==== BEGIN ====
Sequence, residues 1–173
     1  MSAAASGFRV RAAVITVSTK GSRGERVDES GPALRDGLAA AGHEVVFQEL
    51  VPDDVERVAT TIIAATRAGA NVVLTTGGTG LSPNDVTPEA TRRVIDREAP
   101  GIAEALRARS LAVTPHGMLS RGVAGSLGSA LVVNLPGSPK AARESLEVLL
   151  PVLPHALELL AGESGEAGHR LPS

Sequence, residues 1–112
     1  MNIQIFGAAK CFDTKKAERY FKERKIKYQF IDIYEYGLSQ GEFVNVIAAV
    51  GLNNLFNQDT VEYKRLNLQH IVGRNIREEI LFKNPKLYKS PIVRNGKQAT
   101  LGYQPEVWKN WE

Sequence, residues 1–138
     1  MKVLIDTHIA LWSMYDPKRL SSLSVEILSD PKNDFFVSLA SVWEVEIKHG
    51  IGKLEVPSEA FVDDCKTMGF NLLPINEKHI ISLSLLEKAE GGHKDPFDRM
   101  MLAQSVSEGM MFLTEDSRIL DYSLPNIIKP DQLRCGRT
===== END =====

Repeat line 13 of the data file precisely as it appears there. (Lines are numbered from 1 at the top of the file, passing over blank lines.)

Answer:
   101  MLAQSVSEGM MFLTEDSRIL DYSLPNIIKP DQLRCGRT